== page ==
“There are three kinds of lies: lies, damned lies and statistics.” The California Supreme Court could have been channeling Mark Twain when it rejected, emphatically, the unbridled use of statistical sampling to prove liability in a class action wage/hour case. In a unanimous decision, California’s high court in Duran v. U.S. Bank National Association, No. S200923 (May 29, 2014) gave the heave-ho to the kind of “trial by formula” that has become a feature of modern-day wage/hour litigation. At the same time, the court restored some sanity to class action litigation generally.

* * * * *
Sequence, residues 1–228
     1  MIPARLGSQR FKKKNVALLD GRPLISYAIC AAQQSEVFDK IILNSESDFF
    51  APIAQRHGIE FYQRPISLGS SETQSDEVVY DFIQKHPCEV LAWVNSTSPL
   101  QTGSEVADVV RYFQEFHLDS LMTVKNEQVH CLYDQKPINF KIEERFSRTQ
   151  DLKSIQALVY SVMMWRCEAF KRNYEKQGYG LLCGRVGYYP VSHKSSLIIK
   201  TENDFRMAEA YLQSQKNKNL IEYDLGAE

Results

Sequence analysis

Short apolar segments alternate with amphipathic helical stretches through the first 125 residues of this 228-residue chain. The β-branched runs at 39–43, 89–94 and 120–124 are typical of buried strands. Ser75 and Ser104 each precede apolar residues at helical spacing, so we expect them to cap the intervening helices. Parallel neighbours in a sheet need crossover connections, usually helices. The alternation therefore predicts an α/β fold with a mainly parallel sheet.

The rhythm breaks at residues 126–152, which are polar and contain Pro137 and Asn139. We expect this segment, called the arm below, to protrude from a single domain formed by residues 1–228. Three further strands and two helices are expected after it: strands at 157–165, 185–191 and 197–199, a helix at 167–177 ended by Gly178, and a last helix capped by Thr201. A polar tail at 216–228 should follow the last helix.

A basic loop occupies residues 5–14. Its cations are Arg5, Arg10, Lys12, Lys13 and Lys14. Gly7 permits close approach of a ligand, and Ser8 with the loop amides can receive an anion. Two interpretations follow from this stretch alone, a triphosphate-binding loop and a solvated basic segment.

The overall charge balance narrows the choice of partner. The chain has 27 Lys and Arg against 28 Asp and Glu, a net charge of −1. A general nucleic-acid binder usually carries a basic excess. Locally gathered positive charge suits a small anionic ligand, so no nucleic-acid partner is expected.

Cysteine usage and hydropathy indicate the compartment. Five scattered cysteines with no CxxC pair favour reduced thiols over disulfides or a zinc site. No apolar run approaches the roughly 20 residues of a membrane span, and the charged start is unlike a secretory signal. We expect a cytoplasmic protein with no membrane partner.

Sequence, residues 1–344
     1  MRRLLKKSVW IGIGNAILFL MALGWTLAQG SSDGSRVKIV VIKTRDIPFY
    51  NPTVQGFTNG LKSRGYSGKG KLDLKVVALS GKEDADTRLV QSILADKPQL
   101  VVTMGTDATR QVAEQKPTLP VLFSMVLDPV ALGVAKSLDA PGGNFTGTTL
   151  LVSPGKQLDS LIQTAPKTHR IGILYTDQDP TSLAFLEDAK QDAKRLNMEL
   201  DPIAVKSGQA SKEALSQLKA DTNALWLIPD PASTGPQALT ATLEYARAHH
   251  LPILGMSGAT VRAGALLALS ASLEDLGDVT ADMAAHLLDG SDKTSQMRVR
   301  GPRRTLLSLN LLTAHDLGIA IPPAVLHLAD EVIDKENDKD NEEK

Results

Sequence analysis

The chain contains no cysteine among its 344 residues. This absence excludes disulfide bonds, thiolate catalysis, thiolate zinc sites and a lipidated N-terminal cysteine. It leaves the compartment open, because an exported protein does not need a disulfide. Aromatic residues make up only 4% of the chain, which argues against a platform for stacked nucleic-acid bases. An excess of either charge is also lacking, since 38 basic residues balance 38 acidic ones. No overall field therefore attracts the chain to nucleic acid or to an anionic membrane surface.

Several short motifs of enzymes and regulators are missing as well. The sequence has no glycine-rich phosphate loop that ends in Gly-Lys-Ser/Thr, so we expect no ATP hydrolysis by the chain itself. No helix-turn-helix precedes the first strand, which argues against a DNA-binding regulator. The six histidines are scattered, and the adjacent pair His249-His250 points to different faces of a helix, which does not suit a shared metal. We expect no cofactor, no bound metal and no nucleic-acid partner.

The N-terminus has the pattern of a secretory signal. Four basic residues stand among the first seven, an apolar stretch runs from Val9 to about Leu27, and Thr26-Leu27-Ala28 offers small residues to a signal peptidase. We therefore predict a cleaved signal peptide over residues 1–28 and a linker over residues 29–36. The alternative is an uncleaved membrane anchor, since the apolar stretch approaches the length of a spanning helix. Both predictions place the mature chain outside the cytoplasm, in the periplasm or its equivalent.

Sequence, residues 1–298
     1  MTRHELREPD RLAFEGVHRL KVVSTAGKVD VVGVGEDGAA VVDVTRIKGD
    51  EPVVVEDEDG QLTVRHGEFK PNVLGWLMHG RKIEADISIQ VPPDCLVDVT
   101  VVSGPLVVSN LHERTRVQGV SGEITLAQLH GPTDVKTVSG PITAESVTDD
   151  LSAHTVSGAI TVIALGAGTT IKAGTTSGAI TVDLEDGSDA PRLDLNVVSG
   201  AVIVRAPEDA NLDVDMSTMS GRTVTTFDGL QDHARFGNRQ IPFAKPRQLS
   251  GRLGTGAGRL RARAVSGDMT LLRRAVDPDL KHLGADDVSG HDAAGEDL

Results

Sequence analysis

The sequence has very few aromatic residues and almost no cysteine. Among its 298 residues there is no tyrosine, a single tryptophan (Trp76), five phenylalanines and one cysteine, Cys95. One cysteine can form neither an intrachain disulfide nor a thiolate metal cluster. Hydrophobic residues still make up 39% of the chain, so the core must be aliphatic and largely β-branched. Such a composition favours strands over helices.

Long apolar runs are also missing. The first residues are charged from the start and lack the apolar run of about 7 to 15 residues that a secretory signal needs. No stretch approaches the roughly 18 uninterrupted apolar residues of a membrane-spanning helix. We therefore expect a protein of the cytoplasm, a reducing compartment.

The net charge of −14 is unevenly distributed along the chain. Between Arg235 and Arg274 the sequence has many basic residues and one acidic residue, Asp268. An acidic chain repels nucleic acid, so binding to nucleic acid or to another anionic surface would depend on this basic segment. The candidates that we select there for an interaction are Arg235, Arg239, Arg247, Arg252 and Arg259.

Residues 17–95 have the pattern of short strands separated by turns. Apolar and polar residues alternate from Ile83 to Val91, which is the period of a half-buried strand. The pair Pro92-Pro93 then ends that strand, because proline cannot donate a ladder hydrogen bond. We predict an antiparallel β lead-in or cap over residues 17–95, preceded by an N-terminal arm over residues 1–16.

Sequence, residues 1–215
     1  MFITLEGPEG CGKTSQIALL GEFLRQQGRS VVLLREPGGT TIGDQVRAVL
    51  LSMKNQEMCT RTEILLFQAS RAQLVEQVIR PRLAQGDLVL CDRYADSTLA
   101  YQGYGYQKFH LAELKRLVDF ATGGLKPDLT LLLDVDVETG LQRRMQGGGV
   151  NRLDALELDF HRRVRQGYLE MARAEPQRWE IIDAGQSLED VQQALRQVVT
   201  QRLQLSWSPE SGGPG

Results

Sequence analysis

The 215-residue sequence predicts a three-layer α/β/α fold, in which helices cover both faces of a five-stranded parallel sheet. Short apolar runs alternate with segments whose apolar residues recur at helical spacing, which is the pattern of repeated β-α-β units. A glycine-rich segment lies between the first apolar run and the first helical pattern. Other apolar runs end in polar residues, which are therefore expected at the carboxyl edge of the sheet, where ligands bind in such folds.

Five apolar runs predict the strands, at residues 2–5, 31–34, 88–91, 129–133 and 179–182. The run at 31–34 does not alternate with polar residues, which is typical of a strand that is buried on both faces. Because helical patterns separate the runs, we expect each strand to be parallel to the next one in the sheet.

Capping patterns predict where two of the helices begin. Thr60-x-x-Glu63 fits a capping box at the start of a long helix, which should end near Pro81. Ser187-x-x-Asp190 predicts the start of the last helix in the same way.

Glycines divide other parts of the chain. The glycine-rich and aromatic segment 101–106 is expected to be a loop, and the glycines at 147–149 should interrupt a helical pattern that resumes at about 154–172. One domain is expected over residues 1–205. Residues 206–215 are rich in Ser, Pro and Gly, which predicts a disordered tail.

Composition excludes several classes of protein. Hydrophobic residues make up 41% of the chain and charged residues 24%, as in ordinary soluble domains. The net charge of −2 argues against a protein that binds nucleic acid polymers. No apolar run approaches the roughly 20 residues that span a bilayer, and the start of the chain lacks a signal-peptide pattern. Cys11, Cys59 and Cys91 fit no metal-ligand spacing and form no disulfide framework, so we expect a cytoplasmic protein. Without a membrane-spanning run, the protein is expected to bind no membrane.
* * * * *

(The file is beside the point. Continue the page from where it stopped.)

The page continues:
FACTS OF DURAN -
This class action was filed against U.S. Bank on behalf of 260 business banking officers (BBOs) who claimed they were denied overtime pay and meal/rest breaks. Liability turned on whether the bank misclassified the BBOs as exempt under the “outside salesperson” exemption, which applies to someone who spends more than 50% of the time on sales activities outside the branch.
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